Created and hosted by Society member Justin Bozung, The Norman Mailer Society Podcast had its premiere episode in February 2015.[26] The Podcast is released twice monthly and features rare audio, interviews, analysis, and discussions about, as James Wolcott put it, the "wooly-bully exploits" of Norman Mailer.[27]

In spring 2018, the Society sponsored the publication of Library of America's two-volume boxed set Norman Mailer: the Sixties edited by J. Michael Lennon.[28] The set includes Four Books of the 1960s and Collected Essays of the 1960s.

Robert F. Lucid Award[edit]

In 2003, the Society established The Robert F. Lucid Award for Mailer Studies in recognition of Lucid's long and distinguished career as a Mailer scholar. The Lucid Award is given annually based on the recommendation of a Society committee. The winner receives a plaque and a $250 honorarium, and he or she is invited to speak at the conference.[29] Recent winners include Maggie McKinley for Understanding Norman Mailer in 2018, Kevin Schultz for Buckley and Mailer: The Difficult Friendship that Shaped the Sixties in 2015,[30] the Society's own president J. Michael Lennon for The Selected Letters of Norman Mailer in 2014,[31][32] and again for Norman Mailer: A Double Life in 2013.[33]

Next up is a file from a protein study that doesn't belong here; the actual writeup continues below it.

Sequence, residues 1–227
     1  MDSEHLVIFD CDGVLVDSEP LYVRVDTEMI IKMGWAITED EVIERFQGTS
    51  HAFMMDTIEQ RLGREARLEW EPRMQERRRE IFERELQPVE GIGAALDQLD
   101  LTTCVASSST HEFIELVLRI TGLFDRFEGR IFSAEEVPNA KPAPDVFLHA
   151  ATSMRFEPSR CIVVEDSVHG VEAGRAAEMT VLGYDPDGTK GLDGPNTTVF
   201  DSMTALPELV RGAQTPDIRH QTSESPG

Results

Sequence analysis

Society membership is open to all who share an interest in the Society's eponym.[1] The Society consists of officers, an Executive Board, and general members from diverse backgrounds. They range from enthusiasts, academics, creatives, and politicians to family members and contemporaries of Mailer's. As of 2017, the Society has approximately 300 international members.[10]

See also[edit]


  1. ^ a b c d "NMS By-Laws". Norman Mailer Society. 2010. Retrieved September 9, 2017.
  2. ^ Leeds, Barry H. (2008). "The Death of Norman Mailer: The Birth of the Norman Mailer Society". The Mailer Review. 2 (1): 135–37. Retrieved March 20, 2017.